According to a variety of news sources, several important records were broken in 2014.
Hottest year on record. The Japan Meteorological Association (JMA) reports that 2014 was 0.27°C warmer than the average from 1981 to 2010, and 0.63°C warmer than the 20th century average. NASA and the National Oceanic and Atmospheric Administration (NOAA) in the US, and the UK Met Office, also keep track of these climate stats and confirm the JMA’s conclusion. NOAA just reported that 2014 was 0.5°F above normal, making it the 34th-warmest year for the continental U.S. As Climate Central titled this news, “the U.S. hot streak is now officially old enough to vote for president as 2014 makes it 18 years of temperatures above the 20th century average.”
As the NYT described it: “Last year was the hottest on earth since record-keeping began in 1880, scientists reported on Friday, underscoring warnings about the risks of runaway greenhouse gas emissions and undermining claims by climate change contrarians that global warming had somehow stopped. Extreme heat blanketed Alaska and much of the western United States last year. Records were set across large areas of every inhabited continent. And the ocean surface was unusually warm virtually everywhere except near Antarctica, the scientists said, providing the energy that fueled damaging Pacific storms.In the annals of climatology, 2014 surpassed 2010 as the warmest year.”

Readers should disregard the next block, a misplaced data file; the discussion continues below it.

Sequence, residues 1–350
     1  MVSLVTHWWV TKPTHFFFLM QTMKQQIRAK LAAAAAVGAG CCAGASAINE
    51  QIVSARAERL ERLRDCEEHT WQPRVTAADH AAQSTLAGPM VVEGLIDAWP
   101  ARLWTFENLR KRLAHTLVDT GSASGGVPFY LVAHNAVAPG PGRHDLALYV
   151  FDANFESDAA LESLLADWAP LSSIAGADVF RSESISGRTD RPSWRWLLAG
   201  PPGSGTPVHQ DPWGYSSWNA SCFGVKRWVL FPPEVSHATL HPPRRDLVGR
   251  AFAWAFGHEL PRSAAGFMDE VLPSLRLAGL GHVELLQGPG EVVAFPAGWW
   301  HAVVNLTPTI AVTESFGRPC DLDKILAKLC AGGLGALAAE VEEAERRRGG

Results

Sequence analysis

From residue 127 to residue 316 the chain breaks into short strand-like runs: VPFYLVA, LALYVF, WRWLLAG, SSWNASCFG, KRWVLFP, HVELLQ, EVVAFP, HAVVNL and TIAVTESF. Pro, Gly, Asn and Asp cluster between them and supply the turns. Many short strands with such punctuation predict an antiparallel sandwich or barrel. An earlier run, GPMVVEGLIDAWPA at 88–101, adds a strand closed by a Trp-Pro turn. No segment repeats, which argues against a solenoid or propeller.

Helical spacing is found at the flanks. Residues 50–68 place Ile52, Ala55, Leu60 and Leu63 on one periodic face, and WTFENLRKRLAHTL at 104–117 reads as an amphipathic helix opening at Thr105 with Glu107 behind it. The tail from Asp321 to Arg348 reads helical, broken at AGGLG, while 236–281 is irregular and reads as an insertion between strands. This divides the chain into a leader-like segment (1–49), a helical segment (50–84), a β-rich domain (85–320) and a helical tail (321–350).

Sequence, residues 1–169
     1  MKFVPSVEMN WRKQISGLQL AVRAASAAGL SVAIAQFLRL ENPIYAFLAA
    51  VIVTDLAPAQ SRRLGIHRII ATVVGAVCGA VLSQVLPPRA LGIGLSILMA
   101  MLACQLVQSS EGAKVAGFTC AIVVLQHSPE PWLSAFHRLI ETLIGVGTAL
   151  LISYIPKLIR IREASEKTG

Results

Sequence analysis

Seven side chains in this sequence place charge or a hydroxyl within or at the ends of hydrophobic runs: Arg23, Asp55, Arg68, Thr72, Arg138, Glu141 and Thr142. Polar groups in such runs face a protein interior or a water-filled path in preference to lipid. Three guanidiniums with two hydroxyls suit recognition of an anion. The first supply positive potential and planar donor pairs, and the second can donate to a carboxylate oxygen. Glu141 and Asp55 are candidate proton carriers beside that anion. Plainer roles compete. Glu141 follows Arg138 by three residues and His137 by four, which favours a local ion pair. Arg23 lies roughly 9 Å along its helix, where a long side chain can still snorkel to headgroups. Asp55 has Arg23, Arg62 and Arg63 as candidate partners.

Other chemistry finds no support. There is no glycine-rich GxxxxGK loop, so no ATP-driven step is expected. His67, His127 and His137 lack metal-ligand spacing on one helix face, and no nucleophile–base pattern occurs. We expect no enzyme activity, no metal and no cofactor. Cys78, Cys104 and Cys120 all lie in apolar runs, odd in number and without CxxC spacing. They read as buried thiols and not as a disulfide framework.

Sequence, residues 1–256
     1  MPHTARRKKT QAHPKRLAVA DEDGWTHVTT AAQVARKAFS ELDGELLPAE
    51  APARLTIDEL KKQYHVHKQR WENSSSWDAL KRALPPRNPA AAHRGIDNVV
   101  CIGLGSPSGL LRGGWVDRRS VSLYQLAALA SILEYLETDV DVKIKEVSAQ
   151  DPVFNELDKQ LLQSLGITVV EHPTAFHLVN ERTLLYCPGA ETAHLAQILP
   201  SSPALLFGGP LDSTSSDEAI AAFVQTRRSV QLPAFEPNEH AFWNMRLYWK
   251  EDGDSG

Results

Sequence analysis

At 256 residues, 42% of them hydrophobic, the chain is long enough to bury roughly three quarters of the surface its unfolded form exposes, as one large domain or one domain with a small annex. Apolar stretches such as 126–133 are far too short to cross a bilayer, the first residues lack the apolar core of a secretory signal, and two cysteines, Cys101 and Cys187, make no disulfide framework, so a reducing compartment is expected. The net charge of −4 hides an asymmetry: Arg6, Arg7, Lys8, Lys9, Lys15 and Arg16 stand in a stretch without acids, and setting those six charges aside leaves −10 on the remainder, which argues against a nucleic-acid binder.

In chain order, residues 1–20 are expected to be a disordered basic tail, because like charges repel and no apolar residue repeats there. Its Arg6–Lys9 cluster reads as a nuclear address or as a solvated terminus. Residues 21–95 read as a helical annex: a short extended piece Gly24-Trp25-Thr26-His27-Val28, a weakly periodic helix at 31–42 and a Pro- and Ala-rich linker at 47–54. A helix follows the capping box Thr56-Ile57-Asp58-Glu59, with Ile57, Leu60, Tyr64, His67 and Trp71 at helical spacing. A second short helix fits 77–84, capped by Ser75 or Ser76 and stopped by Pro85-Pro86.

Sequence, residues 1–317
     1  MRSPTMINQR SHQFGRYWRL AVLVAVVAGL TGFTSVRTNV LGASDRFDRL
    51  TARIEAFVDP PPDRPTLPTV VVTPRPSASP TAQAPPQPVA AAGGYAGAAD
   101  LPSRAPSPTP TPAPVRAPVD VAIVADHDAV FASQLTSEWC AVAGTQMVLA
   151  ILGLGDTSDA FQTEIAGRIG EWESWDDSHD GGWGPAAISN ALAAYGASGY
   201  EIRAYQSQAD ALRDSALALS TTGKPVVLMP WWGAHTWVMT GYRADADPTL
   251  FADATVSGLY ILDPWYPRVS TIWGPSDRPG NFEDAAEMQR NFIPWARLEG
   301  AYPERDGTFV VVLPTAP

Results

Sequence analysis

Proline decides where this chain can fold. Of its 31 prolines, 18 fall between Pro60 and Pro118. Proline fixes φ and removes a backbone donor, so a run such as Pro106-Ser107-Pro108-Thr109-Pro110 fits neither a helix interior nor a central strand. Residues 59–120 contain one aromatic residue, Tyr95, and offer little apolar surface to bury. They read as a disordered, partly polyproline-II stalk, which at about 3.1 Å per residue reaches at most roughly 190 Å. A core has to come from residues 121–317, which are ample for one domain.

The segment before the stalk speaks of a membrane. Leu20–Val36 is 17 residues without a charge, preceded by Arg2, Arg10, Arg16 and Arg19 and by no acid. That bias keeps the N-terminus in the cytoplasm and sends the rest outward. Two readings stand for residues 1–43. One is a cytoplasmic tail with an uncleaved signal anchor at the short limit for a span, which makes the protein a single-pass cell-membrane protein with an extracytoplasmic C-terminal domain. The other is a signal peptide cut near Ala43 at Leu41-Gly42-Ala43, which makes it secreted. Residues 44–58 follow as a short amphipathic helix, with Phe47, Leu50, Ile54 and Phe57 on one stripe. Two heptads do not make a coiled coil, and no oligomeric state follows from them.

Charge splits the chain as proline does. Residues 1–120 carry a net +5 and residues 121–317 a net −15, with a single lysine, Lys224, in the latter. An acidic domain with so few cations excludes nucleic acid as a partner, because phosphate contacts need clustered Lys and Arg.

Wind energy increases. Britain’s wind turbines generated enough electricity to power more than 25% of its homes, up 15% from 2013 (comprising 9.3% of the total grid). Germany’s wind power generated more in December than in any previous month.
New solar energy too. Globally, utility-scale solar installations increased for a fifth, consecutive year. Solar markets in South America and Africa had notable growth, but the largest shares remained in Asia and North America.
Coal demand in China declines. Chinese coal consumption dropped by around 2.3% in the first eleven months of 2014, compared to the same period in 2013 (and 9% average annual growth between 2000 and 2010). Notably, electricity growth in China has slowed to around half the pace of its economic growth, indicating success at energy efficiency and a transition to less electricity-intensive industrial sectors.